The Daylight War
Humanity has thirty days to prepare for the next demon attack, but one month is scarcely enough time to train a village to defend themselves, let alone an entire continent caught in the throes of civil war.
Arlen Bales understands the coreling threat better than anyone. Born ordinary, the demon plague has shaped him into a weapon so powerful he has been given the unwanted title of saviour, and attracted the attention of deadly enemies both above and below ground.
Unlike Arlen, Ahmann Jardir embraces the title of Deliverer. His strength resides not only in the legendary relics he carries, but also in the magic wielded by his first wife, Inevera, a cunning and powerful priestess whose allegiance even Jardir cannot be certain of.
Once Arlen and Jardir were like brothers. Now they are the bitterest of rivals. As humanity’s enemies prepare, the only two men capable of defeating them are divided against each other by the most deadly demons of all: those that lurk in the human heart.
Reviewed on 21st August 2015
The third book in Peter V Brett's Demon Cycle feels like the biggest of the lot - it just goes on and on, and it felt like it took much liger to read than other epic fantasy novels I've read recently.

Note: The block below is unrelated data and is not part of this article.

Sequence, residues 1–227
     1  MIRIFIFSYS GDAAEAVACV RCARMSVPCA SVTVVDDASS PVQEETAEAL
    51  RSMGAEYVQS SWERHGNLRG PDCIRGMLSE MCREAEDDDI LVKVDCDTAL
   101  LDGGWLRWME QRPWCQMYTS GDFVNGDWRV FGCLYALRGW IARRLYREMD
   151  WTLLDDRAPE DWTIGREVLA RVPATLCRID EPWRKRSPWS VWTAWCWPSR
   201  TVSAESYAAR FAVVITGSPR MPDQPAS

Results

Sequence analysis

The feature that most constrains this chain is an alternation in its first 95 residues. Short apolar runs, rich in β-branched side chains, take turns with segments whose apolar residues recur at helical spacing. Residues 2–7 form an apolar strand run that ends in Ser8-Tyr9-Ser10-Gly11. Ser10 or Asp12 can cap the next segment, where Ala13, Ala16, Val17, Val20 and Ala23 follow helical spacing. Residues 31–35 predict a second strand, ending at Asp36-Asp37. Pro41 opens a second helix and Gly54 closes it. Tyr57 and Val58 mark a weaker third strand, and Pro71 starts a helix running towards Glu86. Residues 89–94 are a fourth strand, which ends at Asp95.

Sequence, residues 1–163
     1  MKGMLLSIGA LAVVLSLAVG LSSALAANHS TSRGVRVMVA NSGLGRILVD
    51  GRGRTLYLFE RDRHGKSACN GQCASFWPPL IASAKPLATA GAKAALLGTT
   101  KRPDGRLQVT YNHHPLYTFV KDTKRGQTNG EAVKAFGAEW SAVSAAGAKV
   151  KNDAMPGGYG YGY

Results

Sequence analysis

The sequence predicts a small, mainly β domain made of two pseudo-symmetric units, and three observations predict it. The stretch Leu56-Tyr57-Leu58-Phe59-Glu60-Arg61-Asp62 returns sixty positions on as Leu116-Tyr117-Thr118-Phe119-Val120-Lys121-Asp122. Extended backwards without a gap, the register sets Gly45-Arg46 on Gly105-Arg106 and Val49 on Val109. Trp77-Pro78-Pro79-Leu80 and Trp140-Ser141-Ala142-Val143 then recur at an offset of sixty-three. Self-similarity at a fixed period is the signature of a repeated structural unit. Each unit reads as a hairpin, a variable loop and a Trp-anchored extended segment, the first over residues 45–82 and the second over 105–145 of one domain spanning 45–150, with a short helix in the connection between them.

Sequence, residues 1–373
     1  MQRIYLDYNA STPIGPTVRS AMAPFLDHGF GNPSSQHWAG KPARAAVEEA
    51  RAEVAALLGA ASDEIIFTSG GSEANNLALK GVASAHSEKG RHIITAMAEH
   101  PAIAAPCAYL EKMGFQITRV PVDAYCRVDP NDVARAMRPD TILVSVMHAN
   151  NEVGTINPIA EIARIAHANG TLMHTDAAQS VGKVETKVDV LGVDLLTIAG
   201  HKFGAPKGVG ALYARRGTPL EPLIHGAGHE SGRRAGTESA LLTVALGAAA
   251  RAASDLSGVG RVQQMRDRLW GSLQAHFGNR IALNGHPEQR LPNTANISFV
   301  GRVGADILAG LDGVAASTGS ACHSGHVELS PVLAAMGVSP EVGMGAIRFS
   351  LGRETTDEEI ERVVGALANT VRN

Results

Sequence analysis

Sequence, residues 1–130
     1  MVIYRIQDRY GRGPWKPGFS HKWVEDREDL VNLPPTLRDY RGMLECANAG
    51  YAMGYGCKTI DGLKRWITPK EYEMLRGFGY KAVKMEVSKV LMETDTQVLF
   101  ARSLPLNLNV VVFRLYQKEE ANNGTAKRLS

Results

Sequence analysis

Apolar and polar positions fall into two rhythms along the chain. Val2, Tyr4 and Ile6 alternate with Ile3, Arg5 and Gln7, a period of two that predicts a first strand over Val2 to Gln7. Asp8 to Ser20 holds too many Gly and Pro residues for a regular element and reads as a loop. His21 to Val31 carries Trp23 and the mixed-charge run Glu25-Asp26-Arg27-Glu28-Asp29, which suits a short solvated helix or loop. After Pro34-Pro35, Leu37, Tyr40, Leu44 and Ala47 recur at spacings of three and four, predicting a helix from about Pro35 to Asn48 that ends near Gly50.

The story continues from the end of book two, intermixed with flashbacks to earlier scenes from the life of Inevera, mirroring the introductions to other characters in the earlier stories and providing a fascinating second viewpoint on a number of scenes that the reader has already witnessed. In fact, I would have appreciated even more of this, as some of those parts felt a little glossed over where I would have enjoyed more detail.
Back in the 'present' we follow the characters as they prepare for 'The Daylight War', building to a surprise climax that I didn't see coming - partly because it didn't arrive until quite late and felt very quick and abrupt. Like in some other books, I struggled a little with the fighting / battle scenes - I think that my limited visualisation when reading doesn't help, but some authors still seem to come over better than others.
It's a great continuation of a good series and I'm particularly pleased with the way we keep getting new viewpoints added and are gradually dropped more information about the world in who b the stories are set. Looking forward to reading more.4